This month’s partner spotlight is on BARCC (the Boston Area Rape Crisis Center) — the only rape crisis center in the Greater Boston area.
Q: Why was BARCC founded?
A: The second oldest rape crisis center in the country, BARCC was founded in 1973 in the Cambridge Women’s Center by a group of volunteers dedicated to building a hotline to answer calls from survivors of sexual assault. Since its beginning as a hotline, it has grown into a national leader in the field. We empower survivors of sexual violence to heal and provide education and advocacy for the social change needed to prevent sexual violence.
Q: What is one thing that people can do to help or support a loved one or friend who discloses that someone has sexually assaulted them?
A: It is important to listen to and believe the survivor. Help them understand the sexual assault was not their fault, and affirm their decision to confide in you. Finally, know where to turn to for more assistance — offer the survivor resources (like BARCC) to learn more about options available. And you can seek support with your own processing as you help a loved one or friend, too.
Q: What is a common misconception about sexual assault?
A: One common misconception we hear is about who is perpetrating assaults. In many media portrayals of sexual assault, the perpetrator is often a stranger, when in reality 70% of all sexual assault survivors know their attacker1.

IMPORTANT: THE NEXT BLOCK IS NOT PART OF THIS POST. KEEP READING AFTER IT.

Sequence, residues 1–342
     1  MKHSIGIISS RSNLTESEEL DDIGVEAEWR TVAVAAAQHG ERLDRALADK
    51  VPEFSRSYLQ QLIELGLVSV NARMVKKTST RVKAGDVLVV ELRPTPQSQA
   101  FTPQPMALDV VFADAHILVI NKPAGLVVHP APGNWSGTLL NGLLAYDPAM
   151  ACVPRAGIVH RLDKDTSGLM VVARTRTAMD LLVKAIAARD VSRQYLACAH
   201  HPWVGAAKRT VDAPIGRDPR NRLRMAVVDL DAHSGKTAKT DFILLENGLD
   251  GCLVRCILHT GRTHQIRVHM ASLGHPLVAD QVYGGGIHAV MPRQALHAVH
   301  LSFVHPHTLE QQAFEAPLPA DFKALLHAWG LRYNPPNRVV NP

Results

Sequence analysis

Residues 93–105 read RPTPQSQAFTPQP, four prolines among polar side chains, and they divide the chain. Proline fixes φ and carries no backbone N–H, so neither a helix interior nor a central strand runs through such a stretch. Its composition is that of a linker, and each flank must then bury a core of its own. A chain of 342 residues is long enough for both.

Q: What are some resources BARCC offers to survivors of sexual assault?
A: BARCC provides free, confidential support and services to survivors of sexual violence ages 12 and up and their families and friends. We work with survivors regardless of when the violence occurred, and our goal is to empower survivors to heal. We also work with a wide range of organizations and communities, including schools, colleges, and police, to advocate for change. We provide training in how to respond to survivors and create cultures that prevent sexual violence in the first place. Our direct services include 24-7 hotline services, 24-7 medical advocacy to support survivors at the hospital, legal advocacy, case management, and short-term counseling.
Q: How do you see the RapidSOS technology helping BARCC’s mission?
A: RapidSOS is an great supplementary tool to aid in safety planning with survivors of sexual assault. We know that reporting to the police is a personal choice for survivors, and through partnering with RapidSOS technology, we’re able to offer tailored ways (through texting, calling, or family connect) that survivors can reach out to law enforcement for urgent safety concerns.
1Department of Justice, Office of Justice Programs, Bureau of Justice Statistics, National Crime Victimization Survey, 2010-2014 (2015).
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